G. Christopher Williams is an Associate Professor of English at the University of Wisconsin-Stevens Point. He posts his weekly contribution to the Moving Pixels blog at PopMatters every Wednesday. Besides also serving as Multimedia Editor at PopMatters and writing at his own blog, 8-bit confessional, he has also published essays in journals like Film Criticism, PostScript, and the Popular Culture Review. You won’t find him on Twitter, but you can drop him a line with that old fashioned thing called e-mail at email@example.com.
Monday, December 15 2008
What might be remembered of the life of a woman who was long ago replaced by her own representation?
Wednesday, June 4 2008
Author Patrick Rothfuss talks to PopMatters about the pivotal role of language in magic, the structure of storytelling, and the role of fantasy in contemporary fiction.
Wednesday, April 23 2008
With the rise of the metrosexual and the fall of the patriarchal society, some men, lost in a gray zone, compensate by joining Gold’s Gym, screaming at Packers games, and driving big-ass Hummers
Wednesday, September 19 2007
Unlike more passive forms of art that largely require the participation of viewers as interpreters and observers of their subject matter, video games raise thorny questions about "viewing" content, since the action of a player is more directly participatory for the audience.
Thursday, March 29 2007
The controversial French philosopher's legacy has been tarnished by reductionist readings of his work, generated precisely by the tendencies of the mass media he sought to illuminate.
Tuesday, February 18 2014
Free-to-play game developers are playing a game of their own. The object of that game is to gain ownership of your time.
Monday, January 6 2014
The Room understands that we are gamers, geeks who like to look at a thing, take it apart, and figure out how it works. We aren't mere computers.
Tuesday, October 15 2013
If Grand Theft Auto has nothing to say, as the participants of Slate's recent Culture Gabfest purport, then they must be playing with the sound turned down.
Thursday, August 22 2013
"I expected a monster to greet me at the dias; a foe of unimaginable strength. But when I entered the castle and saw my father -- the king -- sitting atop the dias with goblet in hand, I knew all was lost. He would never die... and I would never be heir."
Thursday, June 20 2013
In the game world, we can't feel the pain of taking a bullet or check our wallet to see what's in it. There just isn't a button for that.
Wednesday, April 2 2014
Year Walk ritualizes the acts of exploration, gathering data, and solving puzzles because it recognizes that within those acts lie the ability to lay bare meaning and significance.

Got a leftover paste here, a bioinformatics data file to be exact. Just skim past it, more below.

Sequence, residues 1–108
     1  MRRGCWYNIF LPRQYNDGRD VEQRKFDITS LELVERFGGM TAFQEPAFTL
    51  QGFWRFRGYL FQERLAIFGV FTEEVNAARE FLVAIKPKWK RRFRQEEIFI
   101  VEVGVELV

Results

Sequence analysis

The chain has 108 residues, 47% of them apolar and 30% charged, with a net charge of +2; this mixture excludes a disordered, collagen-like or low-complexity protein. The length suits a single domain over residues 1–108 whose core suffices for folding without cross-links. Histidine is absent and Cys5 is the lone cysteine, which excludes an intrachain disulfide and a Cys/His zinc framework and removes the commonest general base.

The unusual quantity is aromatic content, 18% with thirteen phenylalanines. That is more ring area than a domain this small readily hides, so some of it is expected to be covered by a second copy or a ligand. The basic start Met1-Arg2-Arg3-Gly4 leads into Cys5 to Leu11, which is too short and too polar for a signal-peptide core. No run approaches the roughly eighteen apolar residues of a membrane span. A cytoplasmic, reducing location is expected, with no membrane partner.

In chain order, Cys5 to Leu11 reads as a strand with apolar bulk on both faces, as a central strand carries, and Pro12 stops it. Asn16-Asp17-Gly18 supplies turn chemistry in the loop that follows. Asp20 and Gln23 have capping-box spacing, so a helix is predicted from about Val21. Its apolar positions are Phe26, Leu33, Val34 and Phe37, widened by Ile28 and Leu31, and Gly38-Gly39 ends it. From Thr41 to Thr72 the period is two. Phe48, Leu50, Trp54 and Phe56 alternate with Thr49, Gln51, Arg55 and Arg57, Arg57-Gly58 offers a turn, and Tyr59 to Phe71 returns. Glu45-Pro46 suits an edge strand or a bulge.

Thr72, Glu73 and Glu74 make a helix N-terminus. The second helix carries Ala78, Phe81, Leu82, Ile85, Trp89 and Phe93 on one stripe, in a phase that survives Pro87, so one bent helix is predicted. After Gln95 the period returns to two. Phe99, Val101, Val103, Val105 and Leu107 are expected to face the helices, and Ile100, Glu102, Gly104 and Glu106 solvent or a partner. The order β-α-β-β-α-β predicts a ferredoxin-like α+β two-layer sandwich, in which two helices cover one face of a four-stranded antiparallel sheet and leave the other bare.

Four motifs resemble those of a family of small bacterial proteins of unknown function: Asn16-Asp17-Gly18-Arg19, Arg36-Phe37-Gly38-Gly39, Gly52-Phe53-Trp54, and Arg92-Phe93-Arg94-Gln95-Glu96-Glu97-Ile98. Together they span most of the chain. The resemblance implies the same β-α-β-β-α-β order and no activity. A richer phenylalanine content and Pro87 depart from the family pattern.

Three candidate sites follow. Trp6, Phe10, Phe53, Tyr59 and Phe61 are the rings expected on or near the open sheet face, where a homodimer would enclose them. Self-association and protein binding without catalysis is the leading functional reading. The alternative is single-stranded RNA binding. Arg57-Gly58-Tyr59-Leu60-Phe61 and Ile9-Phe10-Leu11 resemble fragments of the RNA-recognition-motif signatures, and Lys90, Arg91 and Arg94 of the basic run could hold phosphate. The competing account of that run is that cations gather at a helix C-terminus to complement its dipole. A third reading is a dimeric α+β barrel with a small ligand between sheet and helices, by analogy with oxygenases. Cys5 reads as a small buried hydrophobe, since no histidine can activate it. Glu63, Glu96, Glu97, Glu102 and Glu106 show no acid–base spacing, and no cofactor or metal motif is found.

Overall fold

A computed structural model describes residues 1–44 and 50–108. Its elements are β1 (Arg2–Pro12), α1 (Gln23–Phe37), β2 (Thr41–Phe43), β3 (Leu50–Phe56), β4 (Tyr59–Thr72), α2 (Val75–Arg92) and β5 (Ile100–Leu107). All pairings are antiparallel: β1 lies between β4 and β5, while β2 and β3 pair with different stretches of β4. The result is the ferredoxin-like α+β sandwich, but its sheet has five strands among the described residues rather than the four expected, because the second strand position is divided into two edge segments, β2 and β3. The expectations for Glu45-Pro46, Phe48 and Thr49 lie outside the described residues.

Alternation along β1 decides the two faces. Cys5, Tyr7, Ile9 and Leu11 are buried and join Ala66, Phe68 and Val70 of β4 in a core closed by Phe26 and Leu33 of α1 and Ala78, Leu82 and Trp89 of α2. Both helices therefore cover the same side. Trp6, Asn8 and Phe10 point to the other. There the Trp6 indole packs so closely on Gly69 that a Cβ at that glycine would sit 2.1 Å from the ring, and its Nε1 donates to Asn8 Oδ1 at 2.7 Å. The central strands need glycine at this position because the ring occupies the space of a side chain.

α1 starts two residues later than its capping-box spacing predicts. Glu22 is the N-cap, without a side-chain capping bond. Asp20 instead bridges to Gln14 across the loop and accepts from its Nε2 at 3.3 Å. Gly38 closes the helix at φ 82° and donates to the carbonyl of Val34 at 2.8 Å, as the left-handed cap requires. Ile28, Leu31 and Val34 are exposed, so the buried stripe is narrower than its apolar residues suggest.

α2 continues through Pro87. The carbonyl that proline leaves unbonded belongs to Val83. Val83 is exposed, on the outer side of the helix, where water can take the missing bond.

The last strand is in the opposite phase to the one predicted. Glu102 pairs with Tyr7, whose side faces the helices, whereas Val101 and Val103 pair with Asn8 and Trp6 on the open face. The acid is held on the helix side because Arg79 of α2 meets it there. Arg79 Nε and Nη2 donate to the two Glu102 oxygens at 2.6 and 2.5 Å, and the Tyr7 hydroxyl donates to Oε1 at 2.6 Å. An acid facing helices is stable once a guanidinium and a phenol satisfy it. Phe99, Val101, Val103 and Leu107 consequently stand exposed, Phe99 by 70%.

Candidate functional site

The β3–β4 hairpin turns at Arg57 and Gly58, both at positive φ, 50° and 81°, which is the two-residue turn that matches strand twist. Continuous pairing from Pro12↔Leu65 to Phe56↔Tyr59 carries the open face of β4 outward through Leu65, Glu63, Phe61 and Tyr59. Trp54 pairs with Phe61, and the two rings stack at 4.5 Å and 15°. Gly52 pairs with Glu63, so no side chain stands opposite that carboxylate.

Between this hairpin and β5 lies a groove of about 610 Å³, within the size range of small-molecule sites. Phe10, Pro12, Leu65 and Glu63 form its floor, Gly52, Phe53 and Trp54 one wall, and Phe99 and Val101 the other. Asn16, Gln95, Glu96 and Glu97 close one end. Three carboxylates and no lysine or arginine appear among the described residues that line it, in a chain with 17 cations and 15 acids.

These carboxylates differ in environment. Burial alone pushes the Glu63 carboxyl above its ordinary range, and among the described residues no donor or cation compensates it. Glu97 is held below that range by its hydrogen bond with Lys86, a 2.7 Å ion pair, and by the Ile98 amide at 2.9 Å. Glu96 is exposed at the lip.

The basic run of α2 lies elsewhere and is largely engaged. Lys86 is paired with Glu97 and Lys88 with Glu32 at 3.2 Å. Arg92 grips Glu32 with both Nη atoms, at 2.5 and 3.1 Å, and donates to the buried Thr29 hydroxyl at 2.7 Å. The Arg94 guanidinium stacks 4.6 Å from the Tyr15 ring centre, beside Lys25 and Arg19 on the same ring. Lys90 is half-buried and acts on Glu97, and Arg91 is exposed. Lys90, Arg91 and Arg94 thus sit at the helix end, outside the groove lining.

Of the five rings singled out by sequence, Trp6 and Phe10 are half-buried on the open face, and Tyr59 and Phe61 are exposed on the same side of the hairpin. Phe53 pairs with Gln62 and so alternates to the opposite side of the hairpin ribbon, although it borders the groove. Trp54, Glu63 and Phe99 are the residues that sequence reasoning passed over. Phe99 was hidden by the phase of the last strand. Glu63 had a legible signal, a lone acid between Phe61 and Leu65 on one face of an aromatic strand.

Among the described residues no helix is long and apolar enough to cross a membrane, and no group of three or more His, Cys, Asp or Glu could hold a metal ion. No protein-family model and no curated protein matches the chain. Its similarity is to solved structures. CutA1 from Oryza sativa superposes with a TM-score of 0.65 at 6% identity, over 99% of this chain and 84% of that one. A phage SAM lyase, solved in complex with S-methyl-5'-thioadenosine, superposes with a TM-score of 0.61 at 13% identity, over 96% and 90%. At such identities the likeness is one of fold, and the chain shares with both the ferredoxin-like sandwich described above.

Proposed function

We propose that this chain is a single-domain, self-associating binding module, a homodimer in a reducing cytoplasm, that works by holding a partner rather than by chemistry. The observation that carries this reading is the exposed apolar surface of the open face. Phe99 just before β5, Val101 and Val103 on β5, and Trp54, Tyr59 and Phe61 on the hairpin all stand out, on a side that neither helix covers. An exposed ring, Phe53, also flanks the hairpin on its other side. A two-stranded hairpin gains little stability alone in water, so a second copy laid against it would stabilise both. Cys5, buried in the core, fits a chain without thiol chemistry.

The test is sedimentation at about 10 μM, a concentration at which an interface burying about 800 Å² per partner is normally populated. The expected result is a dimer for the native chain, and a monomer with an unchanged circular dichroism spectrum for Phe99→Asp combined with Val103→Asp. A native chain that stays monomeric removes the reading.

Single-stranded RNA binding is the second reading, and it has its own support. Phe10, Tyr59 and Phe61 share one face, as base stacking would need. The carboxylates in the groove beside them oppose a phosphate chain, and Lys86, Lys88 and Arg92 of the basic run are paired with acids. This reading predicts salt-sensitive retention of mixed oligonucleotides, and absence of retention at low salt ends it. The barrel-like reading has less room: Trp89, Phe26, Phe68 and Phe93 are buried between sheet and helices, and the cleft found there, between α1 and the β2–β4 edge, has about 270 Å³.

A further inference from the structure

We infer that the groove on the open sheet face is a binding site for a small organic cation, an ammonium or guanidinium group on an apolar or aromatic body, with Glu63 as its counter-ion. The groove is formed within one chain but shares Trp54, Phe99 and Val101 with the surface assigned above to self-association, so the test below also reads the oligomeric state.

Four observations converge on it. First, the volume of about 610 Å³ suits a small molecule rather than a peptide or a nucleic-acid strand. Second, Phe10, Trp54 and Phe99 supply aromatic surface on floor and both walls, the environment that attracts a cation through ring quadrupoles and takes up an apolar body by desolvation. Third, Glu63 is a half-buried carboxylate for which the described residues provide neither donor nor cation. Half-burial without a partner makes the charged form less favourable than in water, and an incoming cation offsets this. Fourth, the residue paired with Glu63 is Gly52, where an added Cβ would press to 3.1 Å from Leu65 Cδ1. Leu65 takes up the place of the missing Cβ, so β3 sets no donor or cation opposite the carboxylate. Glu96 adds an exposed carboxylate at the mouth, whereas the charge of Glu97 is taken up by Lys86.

Wednesday, February 5 2014
Out of this seeming fear of offending anyone by giving such characters any flaws or character quirks comes a couple of boring characters that actually tend through their plainness to lean on familiar stereotypes rather than on any actually human or actually relatable characteristics.
Monday, January 13 2014
If you understand why RAM is kind of a reasonable metaphor for the fleeting nature of existence, this is a game that is built for you, both poet and tech geek that you might be.
Thursday, August 22 2013
I have never worried so much about where light switches are in a video game as I have in Gone Home, dreading what might be lurking in dark corners because the setting, the gameplay, and the tone of the game's mystery suggested to me that I should.
Tuesday, August 20 2013
Saints Row has always been known as a Grand Theft Auto. But now it wants to be the clone of pretty much everything, ever.
Wednesday, April 16 2014
The Blind Swordsman at first might seem like madness, a video game without an essential component of the video game, the video part.
Monday, April 14 2014
This week we play a few hands of Blizzard's collectible card game, Hearthstone, while considering its place in the free-to-play gaming landscape.
Wednesday, April 9 2014
Hearthstone concerns itself with the seemingly small, innocuous, and trivial elements of playing a game in a non-digital medium, and I admire the game for recognizing that these may not be details that are completely innocuous or unimportant in terms of why we take pleasure in the act of play.
Monday, March 31 2014
On this episode of the Moving Pixels Podcast, we explore just how bad we can make the Big Bad Wolf in The Wolf Among Us.
Wednesday, March 19 2014
Games seem like the medium that might best challenge the authority of the author, given as they are to allowing the player to manipulate their “texts", to build within their systems, and potentially to break, rearrange, or reorder them in some personally satisfying way. Games seem like that.